Optional: Locate the option in the administrative interface for turning off the SSID. The SSID is usually broadcast by default to make it easier to configure. It also makes it easier for the average snoop to figure out where wireless networks are. Those with wireless cracking tools, though, will still be able to figure out your SSID even if broadcasting is turned off.

Optional, but recommended: Switch the patch cable to the Cable/DSL box and connect into the web server that runs there (use 'ipconfig /all' again from before). Locate the a "Wireless radio on/off" toggle and turn off the wireless radio. You don't need it any more and will likely conflict with your newly secured wireless router.

Now that the wireless is completely set up and secured, you are ready to connect to the Internet and see if everything works. Up to this point, everything can be done and verified to work without connecting the router to the Cable/DSL modem. So go ahead and plug the patch cable (CAT-5) into the Cable/DSL. Test to see if you can connect to various websites. If you can connect and view websites, then skip the following troubleshooting section. Otherwise, read on.


When you can't connect to websites through a router but it works fine if you connect directly (a bad idea to begin with), then a couple of things could be happening.

The first thing to check is the obvious: Make sure the patch cable (CAT-5) is connected properly between the router and the Cable/DSL box. The patch cable should go from the port that says WAN on the router to a port on the Cable/DSL box. Also make sure to check that everything is powered properly.

The next thing to check is if your Cable/DSL provider has put a special MAC filter of their own and associated it with the IP. Every single networking device has a MAC address. Even the router has one. The problem is that the router's MAC address does not match any known/authorized MAC address. To fix this, go into the administrative interface on the router and locate the "WAN configuration" options (WAN = Wide Area Network...the device upstream, which, in this case is the Cable/DSL box). There should be a MAC address listed here. This is the address which gets broadcasted upstream. Now switch back to the Command Prompt and type in 'ipconfig /all' (without quotes) again. This time look for the wireless card's MAC address. Now switch back to the web browser. There should be a "Clone MAC address" feature with the wireless card's MAC address in the "WAN configuration". Use this option. When the router reboots, try connecting to websites again. NOTE: The MAC address you use should be the same one used when you used to connect to websites through the Cable/DSL box.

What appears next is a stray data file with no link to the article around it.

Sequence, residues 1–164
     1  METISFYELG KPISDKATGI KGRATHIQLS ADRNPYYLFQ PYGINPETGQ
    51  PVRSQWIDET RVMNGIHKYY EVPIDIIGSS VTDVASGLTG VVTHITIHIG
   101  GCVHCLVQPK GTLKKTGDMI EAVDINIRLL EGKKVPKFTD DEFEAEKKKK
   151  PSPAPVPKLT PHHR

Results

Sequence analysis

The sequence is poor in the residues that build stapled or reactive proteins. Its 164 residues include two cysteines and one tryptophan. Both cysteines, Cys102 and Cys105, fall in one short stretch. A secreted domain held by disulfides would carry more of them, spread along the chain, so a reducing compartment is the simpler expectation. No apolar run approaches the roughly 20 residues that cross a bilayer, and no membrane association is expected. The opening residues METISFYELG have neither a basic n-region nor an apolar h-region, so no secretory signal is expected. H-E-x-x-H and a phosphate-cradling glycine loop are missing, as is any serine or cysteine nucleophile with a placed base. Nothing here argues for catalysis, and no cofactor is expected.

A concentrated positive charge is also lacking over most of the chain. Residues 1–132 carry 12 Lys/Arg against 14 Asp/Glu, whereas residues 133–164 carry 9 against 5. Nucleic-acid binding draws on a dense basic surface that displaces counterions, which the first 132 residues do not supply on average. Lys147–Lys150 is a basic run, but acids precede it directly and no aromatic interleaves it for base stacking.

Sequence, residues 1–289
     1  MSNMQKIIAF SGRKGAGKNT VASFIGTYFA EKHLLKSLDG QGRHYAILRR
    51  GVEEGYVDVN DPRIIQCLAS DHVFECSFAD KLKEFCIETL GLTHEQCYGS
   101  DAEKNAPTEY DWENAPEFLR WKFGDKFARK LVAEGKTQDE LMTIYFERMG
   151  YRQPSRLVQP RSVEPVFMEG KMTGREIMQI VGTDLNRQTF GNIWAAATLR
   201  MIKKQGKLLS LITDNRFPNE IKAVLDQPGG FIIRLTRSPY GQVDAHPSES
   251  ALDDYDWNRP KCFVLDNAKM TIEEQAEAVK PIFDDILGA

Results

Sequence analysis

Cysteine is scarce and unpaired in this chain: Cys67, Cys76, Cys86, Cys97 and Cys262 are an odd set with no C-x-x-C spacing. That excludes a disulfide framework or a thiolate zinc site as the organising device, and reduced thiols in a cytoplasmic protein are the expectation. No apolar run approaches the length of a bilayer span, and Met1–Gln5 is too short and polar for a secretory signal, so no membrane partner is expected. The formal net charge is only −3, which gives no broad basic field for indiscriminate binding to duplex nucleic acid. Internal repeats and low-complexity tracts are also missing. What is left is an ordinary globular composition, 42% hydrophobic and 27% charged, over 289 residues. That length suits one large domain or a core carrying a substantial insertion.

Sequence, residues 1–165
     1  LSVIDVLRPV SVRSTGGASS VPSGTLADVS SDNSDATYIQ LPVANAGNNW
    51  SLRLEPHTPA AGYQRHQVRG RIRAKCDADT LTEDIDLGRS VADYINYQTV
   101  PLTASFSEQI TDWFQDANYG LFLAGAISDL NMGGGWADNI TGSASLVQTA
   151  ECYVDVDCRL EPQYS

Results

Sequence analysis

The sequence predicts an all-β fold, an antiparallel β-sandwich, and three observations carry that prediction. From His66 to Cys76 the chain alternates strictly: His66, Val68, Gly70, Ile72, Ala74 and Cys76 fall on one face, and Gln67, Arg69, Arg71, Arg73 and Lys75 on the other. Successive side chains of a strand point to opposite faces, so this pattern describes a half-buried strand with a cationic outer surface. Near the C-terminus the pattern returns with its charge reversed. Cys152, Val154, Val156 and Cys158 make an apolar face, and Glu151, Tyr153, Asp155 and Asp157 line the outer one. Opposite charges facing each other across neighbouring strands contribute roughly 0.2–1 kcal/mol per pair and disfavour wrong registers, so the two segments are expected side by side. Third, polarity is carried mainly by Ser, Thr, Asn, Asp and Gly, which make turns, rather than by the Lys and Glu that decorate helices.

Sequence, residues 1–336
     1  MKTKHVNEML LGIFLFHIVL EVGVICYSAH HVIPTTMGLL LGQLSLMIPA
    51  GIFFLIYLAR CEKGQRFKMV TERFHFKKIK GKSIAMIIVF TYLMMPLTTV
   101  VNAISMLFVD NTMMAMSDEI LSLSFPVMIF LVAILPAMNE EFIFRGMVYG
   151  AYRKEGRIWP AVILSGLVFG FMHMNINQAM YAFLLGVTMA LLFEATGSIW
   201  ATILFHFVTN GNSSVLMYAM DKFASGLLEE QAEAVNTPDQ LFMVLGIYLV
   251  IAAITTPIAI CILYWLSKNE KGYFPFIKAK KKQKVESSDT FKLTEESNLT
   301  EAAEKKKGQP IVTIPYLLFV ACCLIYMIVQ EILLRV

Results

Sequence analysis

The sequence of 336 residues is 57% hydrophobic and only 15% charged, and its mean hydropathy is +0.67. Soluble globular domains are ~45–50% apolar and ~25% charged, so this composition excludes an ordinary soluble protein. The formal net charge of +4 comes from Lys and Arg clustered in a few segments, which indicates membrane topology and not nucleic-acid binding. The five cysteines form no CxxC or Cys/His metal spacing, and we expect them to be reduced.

If the above fails, then you have probably run into the second problem: IP address range conflicts. The Cable/DSL box is issuing the same LAN (LAN = Local Area Network) IP addresses to the router that the router is issuing to computers on the actual LAN. In this case, the router is confused when it receives a request to connect to the outside world. To verify that this is the problem, directly connect the computer to the Cable/DSL box and use 'ipconfig /all' to see if the Default Gateway is the same as when you connect through the router. If so, to resolve this issue, go into the administration interface on the router and locate the "LAN configuration" options. What you are looking for is the base address of the router that matches the Default Gateway address. Here is where it gets tricky. Usually you will have a conflict of 192.168.0.* or 10.0.0.* (and rarely 172.16.0.*) - that is, both devices use the same first three numbers. To resolve this, simply increment the third number by one (1). So, becomes When you save this change, the router will reboot. A side effect of the change is that the web address to access the administrative interface changes to:

Now try to connect to various websites. In most cases, this will work fine.